Wednesday, September 30, 2009

The Man Who Wrote Too Much

Pardon the week-long hiatus--we're both, lord help us, writing. Today, though, I finally threw in the towel and decided to print out a fresh draft of my novel for Rhian to read. Every time, I think this is the one she's going to race through in a day, then say, "It's perfect, send it off." And every time I'm wrong. (She is responsible for the removal of an embarrassingly ill-fitting element from Castle.) In any event, even if it sucks, it's nice to have it out of my hands, if only for a week.

This is the tenth novel I have actually written, counting the ones that didn't get published, and I'm beginning to wonder maybe if I'm writing too fast. This is a fault I have always felt free to find in other writers, but haven't really ever taken seriously the notion that it's one of mine, as well. In general I produce a (so far) publishable one every two years, and have done a couple even faster than that.

And usually I'm satisfied with the results, more or less. But last night I was reading this new Lorrie Moore. I like it, and I have always looked up to Moore as kind of a hero. But above and beyond that, the book has a particular quality my work lacks--it feels carefully composed, worked over. It's written...exquisitely. It feels like somebody's first novel in ten years.

Of course, there's something to be said about a book that feels unburdened, that you can read quickly, that skates along in an uninterrupted progression of thoughts. This is what I tell myself I'm writing. That my stuff is qualitatively different because of my pace, and this is a neither good nor bad thing.

But then again, think of the popular writers who publish a lot. T. C. Boyle. Joyce Carol Oates. Even if you really dig them (and there is a lot to like about these writers), admit it--you sometimes think they publish too much. You kind of wish they would calm the hell down and go into hiding for ten years. There's a slight taint to the respect we have for them, because of their output. It's not even necessarily about quality--even if they published the same damned books, unchanged from the versions we know, and just spaced them out to every five years, we would probably convince ourselves that these books are better, because they appear to be the result of years and years of effort.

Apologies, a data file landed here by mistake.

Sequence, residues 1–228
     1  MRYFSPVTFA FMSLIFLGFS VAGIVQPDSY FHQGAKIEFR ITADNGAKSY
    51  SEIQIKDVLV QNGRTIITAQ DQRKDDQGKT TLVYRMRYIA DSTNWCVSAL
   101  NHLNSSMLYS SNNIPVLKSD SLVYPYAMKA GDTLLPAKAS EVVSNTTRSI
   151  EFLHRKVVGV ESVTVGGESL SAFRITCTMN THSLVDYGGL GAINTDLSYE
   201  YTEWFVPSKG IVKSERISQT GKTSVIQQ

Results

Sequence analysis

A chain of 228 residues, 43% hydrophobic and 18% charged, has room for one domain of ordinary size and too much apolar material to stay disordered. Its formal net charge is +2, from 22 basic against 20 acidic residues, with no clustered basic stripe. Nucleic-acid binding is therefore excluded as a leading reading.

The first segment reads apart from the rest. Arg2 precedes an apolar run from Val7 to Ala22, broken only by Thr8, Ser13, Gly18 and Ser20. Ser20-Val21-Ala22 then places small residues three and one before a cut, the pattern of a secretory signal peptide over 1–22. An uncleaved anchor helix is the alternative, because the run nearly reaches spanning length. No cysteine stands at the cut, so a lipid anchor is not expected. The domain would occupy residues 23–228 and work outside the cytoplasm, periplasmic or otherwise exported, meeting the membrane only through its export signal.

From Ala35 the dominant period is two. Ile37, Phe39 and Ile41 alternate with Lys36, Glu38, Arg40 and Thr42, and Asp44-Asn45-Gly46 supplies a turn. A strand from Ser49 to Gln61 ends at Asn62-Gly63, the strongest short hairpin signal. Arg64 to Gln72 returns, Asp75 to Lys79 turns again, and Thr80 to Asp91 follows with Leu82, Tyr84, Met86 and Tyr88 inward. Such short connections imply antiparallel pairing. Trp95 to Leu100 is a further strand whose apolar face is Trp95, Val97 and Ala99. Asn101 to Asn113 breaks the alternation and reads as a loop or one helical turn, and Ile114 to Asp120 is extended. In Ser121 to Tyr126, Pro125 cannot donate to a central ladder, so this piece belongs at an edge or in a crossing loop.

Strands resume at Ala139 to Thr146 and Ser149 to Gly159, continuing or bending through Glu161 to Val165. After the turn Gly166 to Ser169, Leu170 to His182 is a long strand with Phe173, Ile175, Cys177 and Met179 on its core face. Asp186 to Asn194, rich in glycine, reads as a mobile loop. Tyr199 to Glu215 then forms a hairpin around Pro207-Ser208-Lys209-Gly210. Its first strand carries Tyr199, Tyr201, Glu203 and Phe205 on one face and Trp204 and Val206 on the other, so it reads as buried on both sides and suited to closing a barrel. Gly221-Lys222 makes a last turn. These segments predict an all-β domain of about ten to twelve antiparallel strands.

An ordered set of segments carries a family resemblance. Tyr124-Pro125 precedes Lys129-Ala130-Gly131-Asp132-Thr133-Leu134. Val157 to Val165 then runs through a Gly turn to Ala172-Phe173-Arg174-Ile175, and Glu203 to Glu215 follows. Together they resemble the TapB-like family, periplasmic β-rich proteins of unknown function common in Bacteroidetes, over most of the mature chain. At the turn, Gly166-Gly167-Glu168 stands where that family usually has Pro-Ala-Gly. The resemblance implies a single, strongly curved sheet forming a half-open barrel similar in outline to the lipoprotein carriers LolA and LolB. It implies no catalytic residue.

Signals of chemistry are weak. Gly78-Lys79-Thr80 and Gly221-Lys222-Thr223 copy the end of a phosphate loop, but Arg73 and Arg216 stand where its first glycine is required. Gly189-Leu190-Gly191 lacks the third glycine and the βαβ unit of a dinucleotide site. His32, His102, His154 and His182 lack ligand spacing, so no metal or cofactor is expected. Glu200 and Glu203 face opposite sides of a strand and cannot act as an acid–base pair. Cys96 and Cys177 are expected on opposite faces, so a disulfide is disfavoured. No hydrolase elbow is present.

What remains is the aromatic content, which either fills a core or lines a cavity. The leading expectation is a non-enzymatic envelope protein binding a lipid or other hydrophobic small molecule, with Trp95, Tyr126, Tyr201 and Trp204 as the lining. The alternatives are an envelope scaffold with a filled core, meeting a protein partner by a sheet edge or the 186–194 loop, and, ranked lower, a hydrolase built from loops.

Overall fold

That's not the main thing, though--the prose is the main thing. And while I don't want to emulate Lorrie Moore, I am thinking that the next book I write will be much shorter and much more finely wrought. (I think I already know what it is, a novel I've been wanting to write for nearly a decade, ever since a graduate student suggested it to me after reading a little metafiction I published in a local newspaper.) And if I know what's good for me, when I'm finished, I'll wait ten years before putting it in the mail.


Unknown said...

Yes, what a great idea. Put down your pen, open your desk to the mice and let's watch my new Choirboy's value sky-rocket. If you could do something outrageous or perhaps even criminal with your newly freed time I may be able to retire on the tacky little fellow.

I agree with the over-published writers you mentioned. Sometimes I think the editors of certain fiction publishing magazines take long lunches and just plug in a Joyce Carol Oates story and go home early. One could stock a small bookstore with TC Boyle remainders.

The anticipation of an admired writer's new novel is something I think most readers enjoy. And I am probably not alone in buying books from the UK because publishing dates in the US lag too far behind.

Enjoy the week, pull yourself together and get back to it.

Anonymous said...

Ha ha!, thank you, Einar! The Significant Objects guys actually gave me the full amount, too--they didn't even deduct the original cost of the choirboy (which I'm certain was substantial indeed).

Sasha said...

Maybe you aren't capable of, for instance, Lorrie Moore's, product/time ratio. Maybe the time and effort it takes for her to make a piece "exquisite" would make your work over-wrought.